Hamish Hawk’s music is refreshing and intriguing in our current music landscape packed with post-punk bands. The Edinburgh musician has a quirky view on the world which seeps into his music. Expect to be surprised, delighted, entertained, moved and informed by his songs. The release of his new album Heavy Elevator this week is much anticipated, particularly as three of the singles from it have made the BBC Radio6Music playlist, which is an achievement in itself. Andrew Pearson (guitars) and Stefan Maurice (keys, drums) form the core of his band and for the first time Hawk has collaborated with these musicians to create Heavy Elevator. The first single ‘Caterpillar‘ grabbed the attention immediately and the video was directed by Ellen de Faux who was nominated for a 2021 Grammy as one of the producers of Harry Styles ‘Adore You’ video.
“Heavy Elevator reads like my diary,” says Hawk of the album. “It’s just about all in there, and it goes way back.
The teary-eyed losing your mum in the supermarket stuff. The awkward teenage thing. The lost twenty-something. The chance encounters, the half-remembered conversations, the witching hour panics, the hostile takeovers. There is more of me in it than any album I’ve written previously. It describes the feeling of reaching the heights you promised yourself, replaced all too often by the feeling that you’re sinking. Heavy Elevator sounded about right.”
Ahead of album release day I was delighted to have a chat with Hamish.
Congratulations on the release of your new album. Could you tell us a little about the challenges of writing and recording this album, as I suspect it was impacted by the global pandemic.
Oddly enough, it wasn’t! The album was recorded some time ago, back in September, 2019, so it was safely in the bag by the time the world turned topsy turvy – thank goodness! It wasn’t without its challenges though; a number of the songs had a fair few iterations before we landed on the final draft, and some were more slippery than others. Some of the lyrics nearly killed me!
The album is produced by Rod Jones (Idlewild) at his Post Electric Studio in Edinburgh. Am I right in saying that your working relationship with Rod grew organically after first meeting him at the Iona Village Hall festival in 2016. How important has that been for you, particularly in relation to Heavy Elevator?
You’re absolutely right. Rod has been a tremendous asset throughout all of this; he’s long been a supporter of the music we’re making, but since we joined forces officially, I’ve been truly overawed at his work ethic, his expertise, not to mention his networking capabilities! A huge amount of what we’ve achieved this year is down to his hard work. Let this answer serve as a thank you!
You have released four singles from Heavy Elevator, ‘Caterpillar‘, ‘Calls to Tiree‘, ‘New Rhododendrons‘ and current single ‘The Mauritian Badminton Doubles Champion, 1973‘. Congratulations on getting Radio6 Music airplay. What can we expect from Heavy Elevator as a whole?
Thanks! It’s a good question. I listened to the album in full for the first time in a wee while the other day, and I suppose what struck me first is how varied it is. Whilst recording, we treated each song as an end in and of itself; I don’t recall us being particularly hung-up on how the songs would fit together. Each song is an island, and as such each has its own unique landscape. I find it’s a really rewarding way to work, treating every song as a totality. Each one has to stand on its own two feet. If variety is a spice, I put it on everything.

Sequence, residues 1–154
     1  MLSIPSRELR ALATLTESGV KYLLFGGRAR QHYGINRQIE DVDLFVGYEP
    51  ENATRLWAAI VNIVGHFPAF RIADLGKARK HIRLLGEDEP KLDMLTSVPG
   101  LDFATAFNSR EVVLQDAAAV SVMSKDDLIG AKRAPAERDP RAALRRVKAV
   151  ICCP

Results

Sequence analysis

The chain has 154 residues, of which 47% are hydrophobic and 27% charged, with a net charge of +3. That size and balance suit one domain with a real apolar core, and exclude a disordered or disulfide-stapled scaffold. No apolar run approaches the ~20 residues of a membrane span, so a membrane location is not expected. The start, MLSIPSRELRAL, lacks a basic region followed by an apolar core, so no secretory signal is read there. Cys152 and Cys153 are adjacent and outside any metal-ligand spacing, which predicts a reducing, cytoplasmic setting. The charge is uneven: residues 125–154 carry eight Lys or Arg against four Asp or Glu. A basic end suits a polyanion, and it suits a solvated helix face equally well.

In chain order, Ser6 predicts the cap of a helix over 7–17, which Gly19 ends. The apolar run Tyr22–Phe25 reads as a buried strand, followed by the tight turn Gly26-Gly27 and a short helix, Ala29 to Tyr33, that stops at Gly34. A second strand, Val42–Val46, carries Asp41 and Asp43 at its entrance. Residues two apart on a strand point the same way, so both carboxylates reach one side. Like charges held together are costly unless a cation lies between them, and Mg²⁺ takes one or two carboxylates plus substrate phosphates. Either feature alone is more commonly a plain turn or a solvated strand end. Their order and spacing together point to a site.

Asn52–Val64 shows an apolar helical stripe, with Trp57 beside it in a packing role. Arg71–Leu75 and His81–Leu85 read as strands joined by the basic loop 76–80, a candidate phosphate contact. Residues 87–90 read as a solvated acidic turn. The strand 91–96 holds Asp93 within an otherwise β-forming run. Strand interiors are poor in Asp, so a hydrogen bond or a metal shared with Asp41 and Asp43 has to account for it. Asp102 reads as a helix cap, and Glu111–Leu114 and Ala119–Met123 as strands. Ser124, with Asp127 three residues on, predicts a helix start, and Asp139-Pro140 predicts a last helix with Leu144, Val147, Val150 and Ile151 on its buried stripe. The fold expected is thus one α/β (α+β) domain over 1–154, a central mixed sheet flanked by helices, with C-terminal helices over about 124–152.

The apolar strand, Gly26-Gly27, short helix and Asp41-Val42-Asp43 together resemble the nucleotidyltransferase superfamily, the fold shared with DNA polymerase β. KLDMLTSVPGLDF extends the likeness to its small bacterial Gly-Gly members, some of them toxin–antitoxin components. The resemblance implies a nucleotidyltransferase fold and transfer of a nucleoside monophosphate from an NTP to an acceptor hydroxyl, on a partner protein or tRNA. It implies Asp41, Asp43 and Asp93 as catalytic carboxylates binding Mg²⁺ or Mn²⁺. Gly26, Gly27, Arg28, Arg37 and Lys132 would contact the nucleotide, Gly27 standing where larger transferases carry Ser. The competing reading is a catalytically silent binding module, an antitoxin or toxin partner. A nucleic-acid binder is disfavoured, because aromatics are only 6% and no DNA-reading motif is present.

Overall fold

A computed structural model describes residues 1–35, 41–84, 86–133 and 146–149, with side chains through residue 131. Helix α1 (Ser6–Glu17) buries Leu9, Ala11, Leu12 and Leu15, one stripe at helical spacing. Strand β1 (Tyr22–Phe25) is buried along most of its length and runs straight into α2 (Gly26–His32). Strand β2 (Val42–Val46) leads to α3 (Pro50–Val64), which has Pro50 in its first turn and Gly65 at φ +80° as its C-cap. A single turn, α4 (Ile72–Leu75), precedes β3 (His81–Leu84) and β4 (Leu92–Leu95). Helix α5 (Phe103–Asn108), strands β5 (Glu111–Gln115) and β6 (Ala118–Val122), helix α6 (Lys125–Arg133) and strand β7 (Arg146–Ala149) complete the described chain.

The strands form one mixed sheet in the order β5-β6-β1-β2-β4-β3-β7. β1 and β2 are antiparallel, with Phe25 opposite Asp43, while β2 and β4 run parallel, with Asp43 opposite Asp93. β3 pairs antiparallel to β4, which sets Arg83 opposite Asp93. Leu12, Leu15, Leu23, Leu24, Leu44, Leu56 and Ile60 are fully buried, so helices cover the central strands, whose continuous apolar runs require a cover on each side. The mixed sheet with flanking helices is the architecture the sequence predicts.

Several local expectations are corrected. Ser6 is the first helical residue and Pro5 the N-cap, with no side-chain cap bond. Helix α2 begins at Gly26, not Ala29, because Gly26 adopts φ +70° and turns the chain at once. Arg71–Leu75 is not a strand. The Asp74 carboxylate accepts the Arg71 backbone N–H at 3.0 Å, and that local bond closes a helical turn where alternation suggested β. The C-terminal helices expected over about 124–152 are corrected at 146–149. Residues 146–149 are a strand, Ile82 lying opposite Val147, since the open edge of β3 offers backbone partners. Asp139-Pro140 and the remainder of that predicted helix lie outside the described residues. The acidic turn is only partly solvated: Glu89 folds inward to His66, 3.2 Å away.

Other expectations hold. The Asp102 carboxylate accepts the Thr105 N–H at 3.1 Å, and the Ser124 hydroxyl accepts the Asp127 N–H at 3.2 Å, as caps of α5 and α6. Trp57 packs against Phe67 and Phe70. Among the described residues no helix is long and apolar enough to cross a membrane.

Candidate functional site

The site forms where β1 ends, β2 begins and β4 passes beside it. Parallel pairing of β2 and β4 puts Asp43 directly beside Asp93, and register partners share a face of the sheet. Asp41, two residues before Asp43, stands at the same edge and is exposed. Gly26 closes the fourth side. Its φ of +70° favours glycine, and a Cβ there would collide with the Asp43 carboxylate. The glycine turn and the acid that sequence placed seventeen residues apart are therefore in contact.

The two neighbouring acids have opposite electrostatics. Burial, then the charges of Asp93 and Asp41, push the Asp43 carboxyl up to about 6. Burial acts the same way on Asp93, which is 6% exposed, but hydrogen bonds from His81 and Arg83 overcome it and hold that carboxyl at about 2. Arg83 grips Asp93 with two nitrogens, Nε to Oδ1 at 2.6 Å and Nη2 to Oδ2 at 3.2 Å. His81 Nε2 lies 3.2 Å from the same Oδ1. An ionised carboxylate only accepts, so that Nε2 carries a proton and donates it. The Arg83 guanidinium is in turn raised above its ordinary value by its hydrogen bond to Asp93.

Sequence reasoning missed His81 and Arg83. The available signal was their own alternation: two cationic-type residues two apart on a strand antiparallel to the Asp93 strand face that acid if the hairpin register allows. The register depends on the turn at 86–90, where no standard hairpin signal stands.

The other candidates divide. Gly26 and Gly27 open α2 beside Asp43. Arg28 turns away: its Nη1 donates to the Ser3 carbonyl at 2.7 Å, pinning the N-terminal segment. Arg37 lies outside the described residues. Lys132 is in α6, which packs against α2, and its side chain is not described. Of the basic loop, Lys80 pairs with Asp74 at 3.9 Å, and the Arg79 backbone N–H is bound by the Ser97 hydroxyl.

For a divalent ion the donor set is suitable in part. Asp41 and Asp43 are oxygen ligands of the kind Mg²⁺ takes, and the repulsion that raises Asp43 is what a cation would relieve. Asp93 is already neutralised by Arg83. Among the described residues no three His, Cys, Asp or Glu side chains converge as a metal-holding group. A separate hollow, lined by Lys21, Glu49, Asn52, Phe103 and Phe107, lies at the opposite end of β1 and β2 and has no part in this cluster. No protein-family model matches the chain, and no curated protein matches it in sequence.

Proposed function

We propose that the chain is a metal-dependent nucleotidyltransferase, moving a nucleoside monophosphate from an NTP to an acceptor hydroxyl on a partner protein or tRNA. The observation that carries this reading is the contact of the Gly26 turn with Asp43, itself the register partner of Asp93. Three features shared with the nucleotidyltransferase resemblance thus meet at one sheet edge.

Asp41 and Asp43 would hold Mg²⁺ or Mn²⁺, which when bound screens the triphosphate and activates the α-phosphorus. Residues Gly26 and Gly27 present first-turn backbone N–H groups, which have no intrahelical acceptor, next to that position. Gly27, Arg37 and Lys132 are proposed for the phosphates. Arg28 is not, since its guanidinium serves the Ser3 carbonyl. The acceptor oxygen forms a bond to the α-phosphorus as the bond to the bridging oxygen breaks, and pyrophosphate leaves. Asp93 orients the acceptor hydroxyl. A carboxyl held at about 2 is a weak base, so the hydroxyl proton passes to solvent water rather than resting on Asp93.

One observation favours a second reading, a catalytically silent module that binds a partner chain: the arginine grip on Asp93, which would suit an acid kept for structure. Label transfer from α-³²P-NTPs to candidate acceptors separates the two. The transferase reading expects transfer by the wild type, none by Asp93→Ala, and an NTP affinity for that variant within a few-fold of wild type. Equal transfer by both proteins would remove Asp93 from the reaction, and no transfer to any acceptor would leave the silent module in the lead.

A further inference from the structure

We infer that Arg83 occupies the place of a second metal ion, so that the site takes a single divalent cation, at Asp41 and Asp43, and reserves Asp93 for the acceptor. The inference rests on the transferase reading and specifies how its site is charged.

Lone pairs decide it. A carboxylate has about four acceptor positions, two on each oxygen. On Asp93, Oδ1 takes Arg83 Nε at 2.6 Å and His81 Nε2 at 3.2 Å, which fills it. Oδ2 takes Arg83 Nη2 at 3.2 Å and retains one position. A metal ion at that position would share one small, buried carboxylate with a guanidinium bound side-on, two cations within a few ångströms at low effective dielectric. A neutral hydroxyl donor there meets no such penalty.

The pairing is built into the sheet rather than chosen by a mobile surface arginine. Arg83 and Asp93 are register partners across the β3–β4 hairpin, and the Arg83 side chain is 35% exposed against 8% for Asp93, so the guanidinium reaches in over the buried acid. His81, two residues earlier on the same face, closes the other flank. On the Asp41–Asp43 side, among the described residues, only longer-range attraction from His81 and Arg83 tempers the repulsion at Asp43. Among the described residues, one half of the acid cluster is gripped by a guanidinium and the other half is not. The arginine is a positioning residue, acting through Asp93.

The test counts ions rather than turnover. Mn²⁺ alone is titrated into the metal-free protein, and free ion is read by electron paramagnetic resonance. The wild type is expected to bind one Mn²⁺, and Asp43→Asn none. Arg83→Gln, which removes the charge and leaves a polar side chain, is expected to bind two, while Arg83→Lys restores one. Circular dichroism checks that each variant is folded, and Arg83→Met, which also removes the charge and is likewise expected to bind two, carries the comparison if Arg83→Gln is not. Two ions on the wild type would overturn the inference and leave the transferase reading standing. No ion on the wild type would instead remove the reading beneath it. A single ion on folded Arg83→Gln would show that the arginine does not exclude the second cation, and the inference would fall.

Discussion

Your song-writing is full of imagination, combining the whimsical, the personal and the real world. Where does the influence for your songs come from? Do you begin with the gem of an idea, or the full lyrics for a track perhaps?
It really depends. More often than not, I’ll have a particular word, phrase or couplet that I’m convinced is the foundation for a song. I’m endlessly making notes of phrases I like, so I’ll sift through lots of them before I start writing proper. After that, it’s anyone’s guess where a song ends up. I find I make connections whilst writing I could never have predicted; it all takes on a will of its own once I’m a couple of lines in. Sometimes songwriting is a very intentional process; other times it’s like you’ve fallen into a dream and woken up with four verses and a chorus. More often than not, you come away with three verses and no chorus. I think that’s just me.
You are one of the artists with Wide Days 2021, the organization in Scotland which looks to showcase emerging talent. How important are they in developing musicians? What are you hoping for in the year ahead?
Working with Wide Days has been a real pleasure. It’s so easy to say all the right things about supporting local music, but to work this closely with an organisation that cares so deeply about burgeoning Scottish talent, and supports it every which way it can, it’s just so refreshing, and so massively appreciated. Scotland is bursting with incredible artists of all shapes and sizes and Wide Days do such a brilliant job at ensuring their showcases are diverse and exciting. To have them behind us as we move forward into a busy year of gigs is just the icing on the cake.
If I looked in your fridge right now what would I find?
You would find a jar of coffee and very little else. I’ll send you details of my next big shop.